She says, "I can see them being abstract or done with a mid-century flair, watercolored, layered, gelli printed, really anything the mind can dream up." 

Texture paste on acrylic.

"So, there you have it. Oh, but wait, you want to know why? Hmmm. I just like them. They say happy, weird, quirky, organic.  I love their colorings, dimensionality, ruffles, curves and the fact that they are different. Kind of like all of us."


You can find these stencils by clicking on any picture or right here.

ATC with watercolors, acrylics and a white pen.


Tuesday, October 15, 2019

Dressed to Wear: Stencilled Bubbalux Bangle - by Claudia Neubacher


Hi, servus and thank so much for stopping by! 

This month's theme on the StencilGirl Talk blog is "Dress it or Wear it" and I kind of did both; I "dressed" a bent in shape bangle with stenciled fabric strips so I can "wear" it on my wrist ;)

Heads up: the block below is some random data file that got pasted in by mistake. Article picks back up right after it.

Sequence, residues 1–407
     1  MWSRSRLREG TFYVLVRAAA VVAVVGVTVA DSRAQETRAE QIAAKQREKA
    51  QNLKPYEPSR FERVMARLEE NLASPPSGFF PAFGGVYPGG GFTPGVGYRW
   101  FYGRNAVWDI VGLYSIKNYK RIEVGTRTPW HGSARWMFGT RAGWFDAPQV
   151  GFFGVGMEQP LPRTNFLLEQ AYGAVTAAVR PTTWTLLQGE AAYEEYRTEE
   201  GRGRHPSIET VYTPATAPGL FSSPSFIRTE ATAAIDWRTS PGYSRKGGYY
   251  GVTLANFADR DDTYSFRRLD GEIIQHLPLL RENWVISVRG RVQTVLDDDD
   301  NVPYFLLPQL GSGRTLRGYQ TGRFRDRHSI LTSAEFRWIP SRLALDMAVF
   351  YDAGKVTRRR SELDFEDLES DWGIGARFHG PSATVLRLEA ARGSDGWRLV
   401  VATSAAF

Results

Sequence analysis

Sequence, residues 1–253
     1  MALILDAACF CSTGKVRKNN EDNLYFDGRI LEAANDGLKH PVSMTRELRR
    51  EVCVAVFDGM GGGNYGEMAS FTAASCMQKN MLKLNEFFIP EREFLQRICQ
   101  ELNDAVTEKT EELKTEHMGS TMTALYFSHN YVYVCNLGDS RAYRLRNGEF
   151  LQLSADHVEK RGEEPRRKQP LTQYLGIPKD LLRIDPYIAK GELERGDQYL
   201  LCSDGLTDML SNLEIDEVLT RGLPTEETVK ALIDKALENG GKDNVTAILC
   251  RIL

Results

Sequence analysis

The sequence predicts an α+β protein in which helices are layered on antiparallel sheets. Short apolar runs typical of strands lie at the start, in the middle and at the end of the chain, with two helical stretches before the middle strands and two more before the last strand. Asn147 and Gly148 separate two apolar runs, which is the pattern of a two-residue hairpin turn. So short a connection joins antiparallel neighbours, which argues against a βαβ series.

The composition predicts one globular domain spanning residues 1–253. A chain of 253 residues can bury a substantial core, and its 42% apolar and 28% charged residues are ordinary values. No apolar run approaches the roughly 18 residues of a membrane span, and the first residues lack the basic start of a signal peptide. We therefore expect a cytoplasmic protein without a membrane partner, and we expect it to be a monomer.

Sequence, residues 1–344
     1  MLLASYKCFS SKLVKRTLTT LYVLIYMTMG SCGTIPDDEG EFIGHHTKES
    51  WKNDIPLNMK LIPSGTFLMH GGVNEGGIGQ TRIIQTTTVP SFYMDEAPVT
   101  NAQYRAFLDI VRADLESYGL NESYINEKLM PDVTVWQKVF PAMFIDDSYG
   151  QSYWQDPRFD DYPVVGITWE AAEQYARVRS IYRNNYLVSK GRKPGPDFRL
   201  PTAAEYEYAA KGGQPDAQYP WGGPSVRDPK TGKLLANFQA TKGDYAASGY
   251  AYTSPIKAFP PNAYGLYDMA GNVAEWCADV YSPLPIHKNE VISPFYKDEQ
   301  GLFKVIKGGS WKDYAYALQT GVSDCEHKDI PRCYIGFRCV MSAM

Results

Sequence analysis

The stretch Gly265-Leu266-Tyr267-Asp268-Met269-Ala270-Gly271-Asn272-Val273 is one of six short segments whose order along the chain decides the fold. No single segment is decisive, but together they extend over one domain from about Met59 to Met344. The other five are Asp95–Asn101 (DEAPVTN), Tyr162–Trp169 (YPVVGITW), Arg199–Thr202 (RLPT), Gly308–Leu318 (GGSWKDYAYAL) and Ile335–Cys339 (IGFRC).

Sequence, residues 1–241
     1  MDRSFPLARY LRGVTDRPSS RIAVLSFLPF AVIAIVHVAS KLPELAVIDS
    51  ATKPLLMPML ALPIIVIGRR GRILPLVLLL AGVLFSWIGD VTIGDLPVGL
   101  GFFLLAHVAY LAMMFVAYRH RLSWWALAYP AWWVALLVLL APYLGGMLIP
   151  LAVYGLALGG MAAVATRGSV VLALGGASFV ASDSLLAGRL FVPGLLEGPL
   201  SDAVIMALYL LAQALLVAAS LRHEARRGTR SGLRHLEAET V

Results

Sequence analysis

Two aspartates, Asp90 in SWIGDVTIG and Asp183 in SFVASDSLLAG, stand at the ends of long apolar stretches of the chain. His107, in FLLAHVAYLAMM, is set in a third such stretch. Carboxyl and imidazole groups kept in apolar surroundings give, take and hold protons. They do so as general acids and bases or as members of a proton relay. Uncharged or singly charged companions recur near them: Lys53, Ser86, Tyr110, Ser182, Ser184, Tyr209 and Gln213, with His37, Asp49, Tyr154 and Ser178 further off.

Bubbalux - just in case you haven't heard of it before - is a craft board that can be heated and bent into shape and keeps its shape after it has cooled down (which takes seconds). It can be die-cut with steel rule dies, embossed with embossing folders, stamped, painted, engraved and so much more...it's a really fun and versatile substrate to work with. 
And "dressed" with some beautifully "StencilGirl-ed" fabric it can become a truly special piece of mixed media jewelry!  ;) 






I have done a video this time which shows the whole process from start to finish. I only decided to make a start-to-finish video after I had already shaped the bubbalux I had cut to size, but I have taken steps images of that and shaping bubbalux is really easily done: